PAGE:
You would have loved another piece in Jill’s Dance Concert titled, Actual Script. It begins with a beautiful young dancer sitting in the middle of stacks of scattered books. She is writing in her notebook, copying from the other books.

    While she dances, other dancers join on the periphery, and they too have notebooks, but they stop to observe her and write down their thoughts, maybe their judgements and criticisms. In the end, they wall her in with the stacks of books and her movements are frantic, like she’s trying to escape. The message I drew from it was about the script each of us is living. Are we living the script everyone presumes we should live? Or are we living the actual script God has written (and is writing) for us? Maybe it is wise to “throw out the script” and listen to God’s Spirit. Anyhow, I loved your thoughts. Didn’t know you were in NY. Lucky girl… ;)

    Kellie – Putting on those kind of layers, driving the distance for your meetings, is no small thing. Nor is putting on the sometimes uncomfortable layer when God is urging you to do so. Your faith continues to inspire me. I love you over the ocean and all those miles. You are good as gold. Chuckling over your Ugg boots and the Lucille Ball line. xo

    Anne Marie – I had no idea you were living with insomnia. What a struggle! Your ability to find grace in those dark moments, see gratitude in the empty of night. It just amazes me.

    I loved how you said it: “I’ve learned… to let go and embrace the dark stillness. I’ve just prayed and prayed and connected with God in a way that I never have in my life… a chance to lay aside distractions that cloud my vision and just reach out, a daughter to her Father.’ Everything here is profoundly beautiful.

    And I thought your last note about shedding layers moment to moment was extremely insightful. To be able to see which layers need to be shed at a particular time – like when your son needed you to do nothing else but hear him. I must do better at this. I’m so grateful for your wisdom. Love to you.

    Lee Ann – Your first two lines took my breath away. “all things must perish, but charity endures forever… the image of children of God as silvery,weightless beings composed of pure charity.” I feel exactly as you – that my love for my children is the closest I get “to that pure, glorious light.” I’m right there with you though, stressed out the very next minute over non-washable markers on the wall and my two boys fishing in the toilet. You must be a kindred spirit. Thanks for your words.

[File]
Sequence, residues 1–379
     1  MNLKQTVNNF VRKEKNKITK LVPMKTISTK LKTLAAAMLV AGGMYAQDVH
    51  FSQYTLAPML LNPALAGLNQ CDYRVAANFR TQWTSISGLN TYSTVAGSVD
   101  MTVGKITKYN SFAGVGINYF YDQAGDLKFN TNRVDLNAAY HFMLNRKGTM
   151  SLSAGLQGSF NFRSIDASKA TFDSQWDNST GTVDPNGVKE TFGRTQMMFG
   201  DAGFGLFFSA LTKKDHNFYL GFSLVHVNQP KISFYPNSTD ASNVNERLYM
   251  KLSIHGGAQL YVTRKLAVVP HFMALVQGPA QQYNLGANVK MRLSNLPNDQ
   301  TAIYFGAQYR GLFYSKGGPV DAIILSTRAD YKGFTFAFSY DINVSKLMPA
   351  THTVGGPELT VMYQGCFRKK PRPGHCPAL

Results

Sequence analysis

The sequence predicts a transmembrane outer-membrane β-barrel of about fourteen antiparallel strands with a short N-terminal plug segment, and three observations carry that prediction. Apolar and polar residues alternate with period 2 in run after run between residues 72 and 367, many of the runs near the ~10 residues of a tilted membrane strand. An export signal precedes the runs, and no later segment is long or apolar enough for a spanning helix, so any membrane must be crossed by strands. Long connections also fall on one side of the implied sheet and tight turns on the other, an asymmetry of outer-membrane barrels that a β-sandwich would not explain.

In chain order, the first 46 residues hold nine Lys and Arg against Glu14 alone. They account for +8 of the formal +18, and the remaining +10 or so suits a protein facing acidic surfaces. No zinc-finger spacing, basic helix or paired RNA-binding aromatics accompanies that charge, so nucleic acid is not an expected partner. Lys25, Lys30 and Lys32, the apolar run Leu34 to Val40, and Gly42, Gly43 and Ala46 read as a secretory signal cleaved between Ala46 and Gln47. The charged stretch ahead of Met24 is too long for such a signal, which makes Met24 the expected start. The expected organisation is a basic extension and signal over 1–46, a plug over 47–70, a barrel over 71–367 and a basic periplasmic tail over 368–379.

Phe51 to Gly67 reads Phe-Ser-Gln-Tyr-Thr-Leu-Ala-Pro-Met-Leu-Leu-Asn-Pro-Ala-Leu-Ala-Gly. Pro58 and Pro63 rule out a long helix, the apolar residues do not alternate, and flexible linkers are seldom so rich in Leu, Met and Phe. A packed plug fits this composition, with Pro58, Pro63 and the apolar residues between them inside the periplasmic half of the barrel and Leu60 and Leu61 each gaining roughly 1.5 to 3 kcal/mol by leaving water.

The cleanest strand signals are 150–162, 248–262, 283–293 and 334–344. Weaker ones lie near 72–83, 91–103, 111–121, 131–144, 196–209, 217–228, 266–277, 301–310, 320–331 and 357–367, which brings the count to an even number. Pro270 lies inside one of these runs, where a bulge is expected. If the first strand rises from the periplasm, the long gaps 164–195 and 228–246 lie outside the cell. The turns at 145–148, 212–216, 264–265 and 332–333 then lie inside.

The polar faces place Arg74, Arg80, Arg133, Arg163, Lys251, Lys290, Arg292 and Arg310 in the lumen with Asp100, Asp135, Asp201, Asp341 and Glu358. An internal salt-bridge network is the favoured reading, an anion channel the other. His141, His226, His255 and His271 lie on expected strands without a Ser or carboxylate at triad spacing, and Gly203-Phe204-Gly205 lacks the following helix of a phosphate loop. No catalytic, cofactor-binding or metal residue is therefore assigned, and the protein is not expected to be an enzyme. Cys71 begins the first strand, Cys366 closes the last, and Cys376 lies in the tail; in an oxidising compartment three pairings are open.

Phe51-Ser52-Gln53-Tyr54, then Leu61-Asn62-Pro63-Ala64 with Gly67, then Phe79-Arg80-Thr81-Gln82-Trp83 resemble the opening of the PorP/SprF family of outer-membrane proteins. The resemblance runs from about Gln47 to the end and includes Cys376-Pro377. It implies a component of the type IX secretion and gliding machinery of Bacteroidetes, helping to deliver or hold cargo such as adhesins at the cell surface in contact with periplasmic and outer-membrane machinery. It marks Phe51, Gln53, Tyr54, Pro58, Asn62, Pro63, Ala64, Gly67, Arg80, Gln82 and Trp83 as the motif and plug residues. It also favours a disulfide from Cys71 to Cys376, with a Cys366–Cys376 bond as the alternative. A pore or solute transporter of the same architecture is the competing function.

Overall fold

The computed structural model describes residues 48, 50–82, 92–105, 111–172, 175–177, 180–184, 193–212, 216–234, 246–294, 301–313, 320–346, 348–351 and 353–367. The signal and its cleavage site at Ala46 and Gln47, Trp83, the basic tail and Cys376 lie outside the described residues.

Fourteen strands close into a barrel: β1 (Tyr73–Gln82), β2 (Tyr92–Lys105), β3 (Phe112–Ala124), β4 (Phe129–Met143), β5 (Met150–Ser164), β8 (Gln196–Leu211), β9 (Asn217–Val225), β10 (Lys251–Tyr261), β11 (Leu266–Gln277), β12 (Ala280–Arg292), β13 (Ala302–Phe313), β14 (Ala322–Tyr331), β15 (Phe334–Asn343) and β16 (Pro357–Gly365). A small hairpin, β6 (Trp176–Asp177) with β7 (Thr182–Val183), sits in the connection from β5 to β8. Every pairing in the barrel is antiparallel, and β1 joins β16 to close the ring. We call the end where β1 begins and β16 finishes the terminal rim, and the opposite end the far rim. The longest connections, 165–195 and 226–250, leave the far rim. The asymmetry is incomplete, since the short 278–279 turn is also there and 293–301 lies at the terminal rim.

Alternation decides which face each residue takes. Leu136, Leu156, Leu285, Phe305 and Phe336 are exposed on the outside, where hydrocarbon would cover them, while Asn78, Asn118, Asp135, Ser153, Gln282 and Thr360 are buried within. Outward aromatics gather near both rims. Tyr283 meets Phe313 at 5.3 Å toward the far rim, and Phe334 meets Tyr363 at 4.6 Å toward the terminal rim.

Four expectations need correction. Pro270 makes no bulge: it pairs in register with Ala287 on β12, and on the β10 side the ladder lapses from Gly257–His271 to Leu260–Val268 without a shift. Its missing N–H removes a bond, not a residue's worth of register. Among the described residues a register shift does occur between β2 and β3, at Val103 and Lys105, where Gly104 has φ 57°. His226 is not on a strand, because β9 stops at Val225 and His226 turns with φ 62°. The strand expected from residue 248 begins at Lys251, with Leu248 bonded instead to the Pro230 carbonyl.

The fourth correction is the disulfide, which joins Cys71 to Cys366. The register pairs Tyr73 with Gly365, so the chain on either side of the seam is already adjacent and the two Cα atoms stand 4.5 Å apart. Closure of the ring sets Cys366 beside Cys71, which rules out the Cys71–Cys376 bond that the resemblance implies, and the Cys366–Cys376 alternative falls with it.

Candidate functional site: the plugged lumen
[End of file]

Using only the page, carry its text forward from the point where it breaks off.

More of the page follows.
14. “The last year I’ve struggled with bouts of insomnia. There have been nights when I’ve just laid there unable to find sleep. At first it seemed like a curse, but as time as gone by, I’ve learned (for the most part) to let go and embrace the dark stillness. I’ve just prayed and prayed and connected with God in a way that I never have in my life. There is no one else demanding anything of me in those quiet hours. Nighttime has become a bit of a wilderness for me in which I sometimes get a chance to lay aside distractions that cloud my vision and just reach out, a daughter to her Father.”

    You have a much more beautiful view of insomnia than I, although I do relate to the positives of those quiet hours. I need to do more real communing as you describe here, too.

    ~A chronic insomniac ;)

    And Lee Ann, I LOVED your slippery-slope description of how quickly divine roles can turn into distractions. Pure awesomeness. Please, write a post taking that thread a little further, will you?